A Whale of a Tale is very much not a “whale” of a tale. The film’s about a little kid (Scott C. Kolden) who spends a summer working at Marineland of the Pacific. While Marineland clearly let the film production shoot on location, it also feels very much like the whole venture is Marineland-produced. At its best, Tale feels like an extended commercial for the park, complete with lengthy sequences showcasing its attractions.
It’s also not very animals’ rights. At one point, Kolden chastises Orky the Orca (a real-life Marineland attraction) for not wanting to perform even though people paid good money to see a show. Marineland’s the bestest oceanarium in the world… or at least America (inside joke you hopefully don’t get), and it’s really neat they let Kolden work there, even though his evil aunt Nancy O’Connor thinks it’s too dangerous a place. Kolden lives with aunt O’Connor and mom Abby Dalton. Dalton’s a recent-ish widow, and they’ve moved close enough Kolden can walk to the park from home, sneaking out so O’Connor doesn’t know.
For a while, the film’s biggest drama is whether or not Dalton’s going to let Kolden work at the park, but once Dalton meets handsome and single marine biologist William Shatner, the writing’s on the wall. Despite Shatner initially considering Kolden a pest, he soon comes to like the kid. And especially like the mom.
Sort of. Just like everyone else in the film, Shatner’s utterly lacking in character. All of his character’s busy work throughout is nonsense. Someone’s training the dolphins to do some kind of Navy rescue thing or something. The details don’t matter because they’re nonsense. Shatner and the other actors deliver their lines like someone’s feeding them off-screen. And then there are the times there’s obvious looping, like when Shatner and park fisherman Marty Allen are around the real animals and clearly trying not to get whacked by a killer whale. Shatner does better than Allen, which isn’t saying much, but there aren’t any good performances in Whale. Director Brown’s not capable of directing good performances or writing good parts.
Though there is an okay enough cameo from Andy Devine, who doesn’t have the lung capacity he did as a younger man, but occasionally still sounds familiar. Richard Arlen’s the other big cameo, as the park owner. Even more than Devine, Arlen’s just there for a familiar name in the credits.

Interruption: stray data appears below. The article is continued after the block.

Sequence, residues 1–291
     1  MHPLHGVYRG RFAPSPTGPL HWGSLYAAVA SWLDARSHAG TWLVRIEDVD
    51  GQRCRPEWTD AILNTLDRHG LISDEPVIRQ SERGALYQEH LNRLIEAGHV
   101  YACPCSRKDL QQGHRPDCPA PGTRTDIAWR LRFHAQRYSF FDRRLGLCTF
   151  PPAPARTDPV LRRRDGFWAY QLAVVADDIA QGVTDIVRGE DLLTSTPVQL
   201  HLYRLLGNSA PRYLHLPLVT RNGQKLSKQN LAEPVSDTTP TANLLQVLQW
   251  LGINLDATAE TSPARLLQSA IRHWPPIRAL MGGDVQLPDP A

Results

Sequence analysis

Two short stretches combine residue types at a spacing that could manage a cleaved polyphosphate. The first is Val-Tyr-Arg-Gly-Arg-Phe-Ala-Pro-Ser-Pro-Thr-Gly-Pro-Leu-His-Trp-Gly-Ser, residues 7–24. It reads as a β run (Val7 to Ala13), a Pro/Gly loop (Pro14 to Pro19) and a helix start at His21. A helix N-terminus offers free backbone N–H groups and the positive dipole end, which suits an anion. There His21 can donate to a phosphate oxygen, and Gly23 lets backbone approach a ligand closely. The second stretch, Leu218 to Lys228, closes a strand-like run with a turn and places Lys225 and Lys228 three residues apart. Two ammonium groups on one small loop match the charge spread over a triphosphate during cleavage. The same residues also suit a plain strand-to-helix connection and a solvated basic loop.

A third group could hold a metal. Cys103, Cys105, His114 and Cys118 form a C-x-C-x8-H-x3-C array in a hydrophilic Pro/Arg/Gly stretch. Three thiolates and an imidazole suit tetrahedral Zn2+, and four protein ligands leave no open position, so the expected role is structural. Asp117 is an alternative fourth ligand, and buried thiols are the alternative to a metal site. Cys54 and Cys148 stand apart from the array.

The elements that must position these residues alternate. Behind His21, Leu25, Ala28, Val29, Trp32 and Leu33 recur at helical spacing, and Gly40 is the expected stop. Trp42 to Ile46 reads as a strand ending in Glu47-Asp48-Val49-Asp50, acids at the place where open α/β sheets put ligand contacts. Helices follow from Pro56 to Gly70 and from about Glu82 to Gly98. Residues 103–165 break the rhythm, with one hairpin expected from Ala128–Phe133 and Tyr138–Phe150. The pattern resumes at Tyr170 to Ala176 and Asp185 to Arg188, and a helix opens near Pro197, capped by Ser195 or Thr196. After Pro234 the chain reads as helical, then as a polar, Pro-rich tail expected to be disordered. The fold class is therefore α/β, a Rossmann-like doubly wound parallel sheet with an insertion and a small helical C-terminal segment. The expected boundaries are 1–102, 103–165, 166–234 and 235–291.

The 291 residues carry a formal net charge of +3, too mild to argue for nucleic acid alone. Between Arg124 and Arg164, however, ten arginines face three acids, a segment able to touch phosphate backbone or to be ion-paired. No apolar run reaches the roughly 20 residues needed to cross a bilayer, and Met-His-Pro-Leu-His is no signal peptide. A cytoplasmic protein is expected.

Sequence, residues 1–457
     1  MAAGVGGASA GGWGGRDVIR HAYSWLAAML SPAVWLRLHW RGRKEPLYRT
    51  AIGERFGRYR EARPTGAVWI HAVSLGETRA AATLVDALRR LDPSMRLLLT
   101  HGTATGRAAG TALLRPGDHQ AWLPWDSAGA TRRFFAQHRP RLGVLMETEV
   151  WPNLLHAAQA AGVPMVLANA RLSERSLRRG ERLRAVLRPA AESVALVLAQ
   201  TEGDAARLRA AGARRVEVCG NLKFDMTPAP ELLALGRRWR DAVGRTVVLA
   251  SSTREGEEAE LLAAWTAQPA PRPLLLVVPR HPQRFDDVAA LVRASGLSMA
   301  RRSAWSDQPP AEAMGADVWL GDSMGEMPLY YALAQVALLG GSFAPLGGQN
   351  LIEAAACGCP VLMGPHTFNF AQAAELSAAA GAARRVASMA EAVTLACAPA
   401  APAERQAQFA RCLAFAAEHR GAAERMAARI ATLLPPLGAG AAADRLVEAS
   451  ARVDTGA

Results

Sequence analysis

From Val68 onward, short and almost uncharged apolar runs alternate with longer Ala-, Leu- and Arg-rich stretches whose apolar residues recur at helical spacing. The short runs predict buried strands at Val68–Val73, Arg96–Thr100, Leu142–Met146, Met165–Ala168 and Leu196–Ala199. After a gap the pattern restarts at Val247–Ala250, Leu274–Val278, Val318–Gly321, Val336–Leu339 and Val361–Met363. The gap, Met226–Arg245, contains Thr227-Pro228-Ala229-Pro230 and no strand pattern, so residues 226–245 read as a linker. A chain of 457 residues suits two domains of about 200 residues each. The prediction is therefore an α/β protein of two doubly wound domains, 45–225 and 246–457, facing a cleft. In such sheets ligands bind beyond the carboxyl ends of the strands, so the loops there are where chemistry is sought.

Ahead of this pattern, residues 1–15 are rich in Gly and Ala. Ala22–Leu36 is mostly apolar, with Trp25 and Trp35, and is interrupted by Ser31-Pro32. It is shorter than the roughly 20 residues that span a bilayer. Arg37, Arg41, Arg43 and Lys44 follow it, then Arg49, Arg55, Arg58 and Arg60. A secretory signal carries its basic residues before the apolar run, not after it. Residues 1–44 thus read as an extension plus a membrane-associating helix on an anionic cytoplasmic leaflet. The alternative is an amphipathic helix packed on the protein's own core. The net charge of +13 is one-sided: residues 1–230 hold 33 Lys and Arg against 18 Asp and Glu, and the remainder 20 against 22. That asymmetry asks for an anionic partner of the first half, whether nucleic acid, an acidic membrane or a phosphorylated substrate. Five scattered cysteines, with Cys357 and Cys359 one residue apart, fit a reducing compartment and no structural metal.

The film was shot in the early seventies, then sat around for a few years. Then, in the interim, Jaws came out, and the lethargic tiger shark capture sequence—which seems to go on for ten minutes—ends with similar but not too similar music to John Williams. What’s more amusing is the first half of the sequence, when you wish they’d have some Jaws music just so it wouldn’t be boring, only for it to come in later and still be boring.
The animal showcases don’t feature composer Jonathan Cain’s songs, which are inane and from the perspective of Kolden. School and aunt O’Connor suck, and life’s so much better at Marineland. It’s also unclear why Marineland okayed the plot, which has Kolden become the most invaluable employee in the park. Literally. Can’t run without him. You go see Whale of a Tale and go to Marineland; if Kolden weren’t there, the place couldn’t run.
But then putting any thought whatsoever into Whale is way too much.
Director Brown and editor Ronald V. Ashcroft also endeavor to push the audience throughout, constantly repeating the same thirty seconds of carnival music in the park scenes.
Whale could be worse. It’s an absolute bore, but it’s just a bloated, inept industrial film with a mostly slumming cast. While Kolden’s bad—but he can’t be good with Brown’s writing and directing—he’s far from the worst kid actor in the world–or even America.
But Whale’s not even worth it for the curiosity factor. Especially not since Marineland of the Pacific showed up in lots of popular entertainment. If you want to see the park in its heyday, you might even be able to find a movie or show you can stay awake during.
Leave a Reply